Low-Light Weddings: How to Shoot in a Dark Church
One of the common questions I hear floating around is how to take good photos in a dark church. As photographers, we frequently have a lot of creative freedom with where we photograph our subjects, but weddings are the exception. When you are photographing a wedding, you have to be prepared for just about any type of lighting situation. Whether the ceremony is outside or inside, you never know if you will be faced with harsh midday sun, or a dark church with limited natural light. Knowing how to shoot in a dark church really comes down to a few basics. We wanted to share with you some tips for how to get the best photos possible in this type of situation.
All images below by Cole Joseph Photography.
The Right Equipment
Having a good understanding of your equipment and it’s capabilities and limitations goes a long way to getting the results you are after in any type of shooting situation. While these things are not required for shooting in a dark church, they can certainly help you get the best results and are worth considering.
Full Frame Camera: Generally speaking, a full frame camera will afford you better low-light performance, and more tolerance for quality images at higher ISOs. Because of the larger camera sensor, it is able to “gather” more light than a crop-sensor camera.
Prime Lenses: Whenever I am shooting in any type of low-light situation, I prefer to use prime lenses whenever possible. Prime lenses have wider apertures, allowing more light into the camera’s sensor. This is not to say that you should only shoot with prime lenses in a dark church, but if you are struggling to get enough light, the wide aperture of a prime lens can certainly help.
Use Your Settings Wisely
Knowing the ways your camera’s sensor receives light is critical when you are shooting in a dimly light area. Ways to increase light into your camera’s sensor are to open up your aperture, raise your ISO, and slow down your shutter speed.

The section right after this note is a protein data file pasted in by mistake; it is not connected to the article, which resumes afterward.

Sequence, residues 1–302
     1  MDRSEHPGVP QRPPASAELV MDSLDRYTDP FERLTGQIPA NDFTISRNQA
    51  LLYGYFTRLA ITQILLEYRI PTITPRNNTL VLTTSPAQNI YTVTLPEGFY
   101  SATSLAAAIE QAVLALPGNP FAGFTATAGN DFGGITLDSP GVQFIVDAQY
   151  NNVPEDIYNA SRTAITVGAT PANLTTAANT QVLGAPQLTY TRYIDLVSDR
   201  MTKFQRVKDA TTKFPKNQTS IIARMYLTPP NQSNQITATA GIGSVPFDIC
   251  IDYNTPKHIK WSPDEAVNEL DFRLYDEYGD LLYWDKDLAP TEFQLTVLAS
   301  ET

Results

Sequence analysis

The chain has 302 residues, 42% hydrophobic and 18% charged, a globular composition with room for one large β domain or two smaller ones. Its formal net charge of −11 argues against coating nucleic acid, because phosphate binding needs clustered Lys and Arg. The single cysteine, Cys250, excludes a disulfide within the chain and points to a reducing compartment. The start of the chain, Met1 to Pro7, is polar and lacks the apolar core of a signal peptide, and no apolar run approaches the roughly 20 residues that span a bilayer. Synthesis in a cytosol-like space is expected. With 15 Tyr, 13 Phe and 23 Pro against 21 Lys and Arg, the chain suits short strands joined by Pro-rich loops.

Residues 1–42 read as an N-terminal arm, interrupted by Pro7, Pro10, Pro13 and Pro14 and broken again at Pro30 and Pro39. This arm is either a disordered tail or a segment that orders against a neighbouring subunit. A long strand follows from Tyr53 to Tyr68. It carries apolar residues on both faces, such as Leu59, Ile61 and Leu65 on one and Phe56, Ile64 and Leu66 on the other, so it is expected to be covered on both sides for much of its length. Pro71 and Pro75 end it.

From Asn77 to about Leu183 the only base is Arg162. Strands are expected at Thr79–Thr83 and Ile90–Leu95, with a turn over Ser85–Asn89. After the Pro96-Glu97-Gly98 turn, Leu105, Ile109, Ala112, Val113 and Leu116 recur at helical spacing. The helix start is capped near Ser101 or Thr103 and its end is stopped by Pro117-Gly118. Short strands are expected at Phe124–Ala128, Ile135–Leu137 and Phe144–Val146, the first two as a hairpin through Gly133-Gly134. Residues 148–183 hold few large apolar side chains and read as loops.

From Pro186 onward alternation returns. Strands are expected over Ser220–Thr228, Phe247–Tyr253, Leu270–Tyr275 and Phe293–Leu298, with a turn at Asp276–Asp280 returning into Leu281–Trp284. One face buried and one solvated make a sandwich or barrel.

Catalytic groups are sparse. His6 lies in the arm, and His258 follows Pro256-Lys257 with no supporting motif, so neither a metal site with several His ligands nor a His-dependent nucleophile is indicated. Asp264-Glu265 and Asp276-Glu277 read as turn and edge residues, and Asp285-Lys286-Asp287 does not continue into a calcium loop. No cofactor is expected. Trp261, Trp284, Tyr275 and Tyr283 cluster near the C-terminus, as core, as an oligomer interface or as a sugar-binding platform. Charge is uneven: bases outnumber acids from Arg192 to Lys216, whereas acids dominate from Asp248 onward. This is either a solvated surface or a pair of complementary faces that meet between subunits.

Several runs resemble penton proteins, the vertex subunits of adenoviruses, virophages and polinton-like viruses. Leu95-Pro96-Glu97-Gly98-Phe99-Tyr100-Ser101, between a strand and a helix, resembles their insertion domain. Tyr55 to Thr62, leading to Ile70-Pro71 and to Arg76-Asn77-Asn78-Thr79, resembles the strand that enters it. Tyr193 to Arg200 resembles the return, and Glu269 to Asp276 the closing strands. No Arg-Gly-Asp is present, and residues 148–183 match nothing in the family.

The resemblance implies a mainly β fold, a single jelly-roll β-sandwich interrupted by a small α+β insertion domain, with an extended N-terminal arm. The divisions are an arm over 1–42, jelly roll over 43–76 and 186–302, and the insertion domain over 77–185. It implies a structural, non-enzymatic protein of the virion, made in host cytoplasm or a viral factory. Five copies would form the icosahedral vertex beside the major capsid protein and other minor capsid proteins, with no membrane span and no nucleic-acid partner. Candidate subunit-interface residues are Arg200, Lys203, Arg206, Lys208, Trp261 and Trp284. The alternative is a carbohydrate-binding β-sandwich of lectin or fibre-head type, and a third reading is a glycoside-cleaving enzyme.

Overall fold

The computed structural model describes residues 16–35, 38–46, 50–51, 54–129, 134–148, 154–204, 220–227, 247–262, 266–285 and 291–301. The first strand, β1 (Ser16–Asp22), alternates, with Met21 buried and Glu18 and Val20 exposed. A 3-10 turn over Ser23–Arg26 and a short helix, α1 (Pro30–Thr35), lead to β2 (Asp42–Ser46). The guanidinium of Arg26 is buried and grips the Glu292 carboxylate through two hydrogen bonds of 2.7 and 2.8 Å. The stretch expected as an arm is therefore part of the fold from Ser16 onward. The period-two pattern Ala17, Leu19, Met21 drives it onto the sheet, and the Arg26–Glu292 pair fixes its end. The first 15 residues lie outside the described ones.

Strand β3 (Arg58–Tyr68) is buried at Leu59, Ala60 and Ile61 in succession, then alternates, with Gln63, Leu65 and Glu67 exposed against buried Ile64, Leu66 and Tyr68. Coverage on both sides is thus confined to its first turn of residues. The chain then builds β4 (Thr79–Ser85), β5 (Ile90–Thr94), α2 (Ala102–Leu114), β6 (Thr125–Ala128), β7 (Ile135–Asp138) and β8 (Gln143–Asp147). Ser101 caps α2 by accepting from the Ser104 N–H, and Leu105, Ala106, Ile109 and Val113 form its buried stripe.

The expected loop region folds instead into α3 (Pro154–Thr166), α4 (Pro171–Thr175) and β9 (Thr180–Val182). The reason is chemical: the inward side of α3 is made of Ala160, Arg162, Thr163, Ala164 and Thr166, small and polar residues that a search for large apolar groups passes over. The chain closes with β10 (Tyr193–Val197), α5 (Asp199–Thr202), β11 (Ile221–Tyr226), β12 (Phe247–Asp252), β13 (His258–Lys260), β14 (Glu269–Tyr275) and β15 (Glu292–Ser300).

While flash is a great way to add light in low-light situations, once the bride is at the altar, flash is generally not allowed during a wedding ceremony for the distraction it can cause. Bouncing your flash for shots of the bridal party and bride coming down the aisle is a great tactic, but once the ceremony begins, you may need to resort to other strategies.
Aperture: By opening up your aperture, you can allow in quite a bit of light to your camera’s sensor. Because your bride and groom should be on the same focal plane, there is no reason why you can’t shoot relatively wide open while they are at the altar. You can read more about shooting wide open here.
Shutter Speed: Slowing down your shutter speed is another way to harness more light. Just be careful that you don’t lower it so much that you begin to affect the sharpness of your images or cause any motion blur.
ISO: Raising your ISO will be necessary if you are in a dark church. Raising your ISO increases your camera sensor’s sensitivity to light, and will result in higher exposure in your images. You can read more about ISO and how it affects your images here.
The Fear of Grain & Noise
When we begin raising our ISO, we also begin to introduce Noise, or grain, into our photos. Photos taken at a higher ISO tend to have more noise, and is often a concern for photographers. While grain may not be avoidable when you are shooting in a dark church, you can lessen the amount of grain in your images by ensuring you are exposing properly in camera, since raising your exposure in post-processing introduces even more grain. Also keep in mind that a grainy photo is much better than a blurry photo, or one that is out of focus!
When it comes knowing how to shoot in a dark church, there really is nothing to fear if you have a good understanding of the right equipment, and how to use it. With these tips, you can go into your next church wedding with confidence!
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